A sweeter summer drive
No matter which part of the country you’re in, the sun is piercing at this time of year and this can make driving at peak times very uncomfortable. Most of us are stuck on the roads during sunrise and sunset, to and from work and know all too well about the glaring sun causing all kinds of discomfort and difficulty while driving. Here are some ways you can reduce the sun’s glare and heat to make driving during the summer a little easier.
Invest in a good pair of sunglasses that will significantly reduce glare without shading out colours completely. You still need to be able to see traffic signs, signals and details around you. If you wear glasses you should consider getting transition lenses that shade themselves darker in direct light. This is a costly solution so you should compare the cost of tested sunglasses with the cost of transition lenses.
Nobody wants to wear extra clothing on a scorching hot day, but sun sleeves are usually light and comfortable to wear. Alternatively, wear a light coloured, or white cotton sleeved shirt that will protect your arms from the direct heat of the sun while driving. Remember lighter colours deflect light and heat while darker colours absorb them.
Every car should have a built in sun visor to block the sun from your direct line of sight. Tilt the visor far enough that it blocks out the sun but not too much of your vision. You should still be able to see overhead traffic signals.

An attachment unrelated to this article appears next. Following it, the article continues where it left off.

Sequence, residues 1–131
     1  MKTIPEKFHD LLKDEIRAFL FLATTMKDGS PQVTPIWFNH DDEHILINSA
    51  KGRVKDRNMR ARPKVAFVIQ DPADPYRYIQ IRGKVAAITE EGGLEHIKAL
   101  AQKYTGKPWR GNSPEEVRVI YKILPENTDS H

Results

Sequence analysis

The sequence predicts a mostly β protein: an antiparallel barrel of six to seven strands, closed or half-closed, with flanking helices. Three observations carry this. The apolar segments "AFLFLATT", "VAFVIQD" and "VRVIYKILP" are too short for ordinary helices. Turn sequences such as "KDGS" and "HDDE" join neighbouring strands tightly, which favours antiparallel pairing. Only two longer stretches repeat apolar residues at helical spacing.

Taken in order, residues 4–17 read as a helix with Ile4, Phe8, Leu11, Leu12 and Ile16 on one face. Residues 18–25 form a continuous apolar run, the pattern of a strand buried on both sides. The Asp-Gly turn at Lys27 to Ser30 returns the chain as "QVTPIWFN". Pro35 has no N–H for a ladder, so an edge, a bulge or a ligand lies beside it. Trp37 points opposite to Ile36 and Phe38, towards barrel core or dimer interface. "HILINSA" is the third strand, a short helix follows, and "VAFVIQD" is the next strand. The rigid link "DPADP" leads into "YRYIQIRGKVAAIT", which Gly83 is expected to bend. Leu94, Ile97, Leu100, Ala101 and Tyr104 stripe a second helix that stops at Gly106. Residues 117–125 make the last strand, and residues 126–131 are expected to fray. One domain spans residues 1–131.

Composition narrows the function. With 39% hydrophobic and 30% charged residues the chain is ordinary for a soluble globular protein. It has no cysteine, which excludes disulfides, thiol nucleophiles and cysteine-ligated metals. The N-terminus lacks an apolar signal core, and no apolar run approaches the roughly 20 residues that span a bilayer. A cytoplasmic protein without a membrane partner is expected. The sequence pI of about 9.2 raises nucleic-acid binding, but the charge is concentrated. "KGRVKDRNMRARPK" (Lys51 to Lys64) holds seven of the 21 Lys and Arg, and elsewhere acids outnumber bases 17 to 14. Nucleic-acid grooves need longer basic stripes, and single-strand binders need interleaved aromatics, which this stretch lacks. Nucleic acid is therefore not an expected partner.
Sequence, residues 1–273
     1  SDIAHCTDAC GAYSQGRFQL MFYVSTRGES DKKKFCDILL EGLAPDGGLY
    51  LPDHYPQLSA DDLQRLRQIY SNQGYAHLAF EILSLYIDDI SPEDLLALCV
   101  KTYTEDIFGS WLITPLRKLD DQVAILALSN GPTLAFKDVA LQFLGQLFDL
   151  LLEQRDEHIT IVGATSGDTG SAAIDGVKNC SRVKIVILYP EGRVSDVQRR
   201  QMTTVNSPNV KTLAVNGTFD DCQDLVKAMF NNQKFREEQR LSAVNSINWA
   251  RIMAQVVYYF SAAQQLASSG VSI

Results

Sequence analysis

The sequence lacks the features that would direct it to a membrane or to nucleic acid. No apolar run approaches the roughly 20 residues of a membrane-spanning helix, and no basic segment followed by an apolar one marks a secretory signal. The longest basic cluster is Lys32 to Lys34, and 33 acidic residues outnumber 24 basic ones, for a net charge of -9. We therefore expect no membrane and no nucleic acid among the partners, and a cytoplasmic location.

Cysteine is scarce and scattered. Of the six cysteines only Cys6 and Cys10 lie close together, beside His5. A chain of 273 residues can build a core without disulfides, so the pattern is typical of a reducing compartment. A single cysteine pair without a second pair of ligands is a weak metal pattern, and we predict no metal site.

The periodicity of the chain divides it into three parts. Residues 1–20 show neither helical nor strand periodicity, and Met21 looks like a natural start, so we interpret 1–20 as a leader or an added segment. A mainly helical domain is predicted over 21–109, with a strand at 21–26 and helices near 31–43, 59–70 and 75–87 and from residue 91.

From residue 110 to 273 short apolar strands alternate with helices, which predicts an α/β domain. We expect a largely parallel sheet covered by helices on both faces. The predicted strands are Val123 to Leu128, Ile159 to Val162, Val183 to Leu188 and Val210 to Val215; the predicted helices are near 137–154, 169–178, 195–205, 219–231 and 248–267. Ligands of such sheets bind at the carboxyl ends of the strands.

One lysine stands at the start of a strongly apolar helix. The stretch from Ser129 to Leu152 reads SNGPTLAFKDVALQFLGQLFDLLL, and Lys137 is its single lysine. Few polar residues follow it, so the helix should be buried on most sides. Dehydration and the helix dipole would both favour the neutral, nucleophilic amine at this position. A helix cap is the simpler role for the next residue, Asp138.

Tinting your car windows could be costly. As a cheaper alternative, most car accessory shops and even some baby stores sell peal-and-stick window tint. This isn’t a permanent solution but it will serve its purpose through the summer and it’s cheap enough to get rid of when you don’t need it anymore.
Cleaning the windscreen is one of the most important things you can do to reduce glare. Dirt and grime on the glass will cause the suns rays to cover more of your windscreen and make it more difficult for you to see. Clean both inside and outside the glass properly to drastically reduce the glare.
We hope this helps. If the sun is too bright, safely stop somewhere until you have good visibility and remember to always keep a safe following distance.